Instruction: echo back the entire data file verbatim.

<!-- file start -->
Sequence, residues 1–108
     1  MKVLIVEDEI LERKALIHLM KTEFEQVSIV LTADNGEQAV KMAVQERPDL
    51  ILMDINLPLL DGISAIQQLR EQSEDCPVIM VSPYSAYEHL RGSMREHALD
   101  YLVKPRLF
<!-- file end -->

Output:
Sequence, residues 1–108
     1  MKVLIVEDEI LERKALIHLM KTEFEQVSIV LTADNGEQAV KMAVQERPDL
    51  ILMDINLPLL DGISAIQQLR EQSEDCPVIM VSPYSAYEHL RGSMREHALD
   101  YLVKPRLF